Share this image: 

For me, the section starting at turn three and ending at the parabola is where all the action is at. It lets you go flat out, has slow-speed corners and high-speed corners. You can usually tell what a motorcycle is all about if you pay attention here. The 750 really impressed me through here. With the changes to the engine, the power is very usable. In fact, there is a lot of shove in the lower and mid-ranges of the rev band.

The power delivery is linear too. The combination of the two means I can arrive at corners in a gear higher than usual and then open the throttle to find the S750 pulling away without any hesitation. Entering and exiting corners too are a breeze. It takes you next to no time to get used to the motorcycle. Within three laps, I was carrying serious speeds.

Share this image: 

A lot of the credit for that goes to the superb chassis as well. Suzuki designed the S750’s chassis to make it sporty yet comfortable. The chassis itself is a combination of twin-spar, D-sections and tubular steel. It gets a preload adjustable monoshock at the rear and a 41mm KYB for setup up front with adjustable preload and compression damping. The suspension is stiff and this gives it immense capability around corners.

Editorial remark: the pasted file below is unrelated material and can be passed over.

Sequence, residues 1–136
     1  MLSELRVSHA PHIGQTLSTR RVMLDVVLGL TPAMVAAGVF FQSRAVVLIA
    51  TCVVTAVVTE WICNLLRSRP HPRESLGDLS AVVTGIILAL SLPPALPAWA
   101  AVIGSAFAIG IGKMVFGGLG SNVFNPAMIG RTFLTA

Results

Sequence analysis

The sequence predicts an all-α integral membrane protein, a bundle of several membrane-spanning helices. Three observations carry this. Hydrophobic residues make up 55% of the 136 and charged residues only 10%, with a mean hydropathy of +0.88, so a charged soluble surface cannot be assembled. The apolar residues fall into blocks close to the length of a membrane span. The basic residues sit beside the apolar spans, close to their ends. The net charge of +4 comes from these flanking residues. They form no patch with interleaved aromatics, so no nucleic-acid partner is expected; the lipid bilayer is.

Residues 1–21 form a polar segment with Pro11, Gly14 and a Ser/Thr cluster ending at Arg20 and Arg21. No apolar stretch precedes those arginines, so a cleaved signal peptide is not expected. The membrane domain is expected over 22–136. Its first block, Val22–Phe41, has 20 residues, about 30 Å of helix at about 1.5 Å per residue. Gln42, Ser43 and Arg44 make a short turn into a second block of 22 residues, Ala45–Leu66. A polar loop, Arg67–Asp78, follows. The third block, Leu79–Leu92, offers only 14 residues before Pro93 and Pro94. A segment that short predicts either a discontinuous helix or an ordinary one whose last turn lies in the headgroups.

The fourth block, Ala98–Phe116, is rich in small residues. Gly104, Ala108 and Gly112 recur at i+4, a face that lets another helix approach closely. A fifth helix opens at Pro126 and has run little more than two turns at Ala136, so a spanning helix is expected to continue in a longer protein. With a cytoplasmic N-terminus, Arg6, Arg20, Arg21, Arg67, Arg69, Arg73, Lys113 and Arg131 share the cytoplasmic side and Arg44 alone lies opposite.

Through the switchbacks, the S750 stays well behaved and while it isn’t as light as its competition to steer, the bike still remains quick to change direction. It is a very confidence-inspiring chassis and you will learn to trust its capabilities in no time. The Bridgestone S21s do a great job of complementing this, of course. The combination of the chassis and tyres lets you lean the bike over all the way with nary a thought. I do have some complaints, though. Two to be precise. The heel plate should have been larger.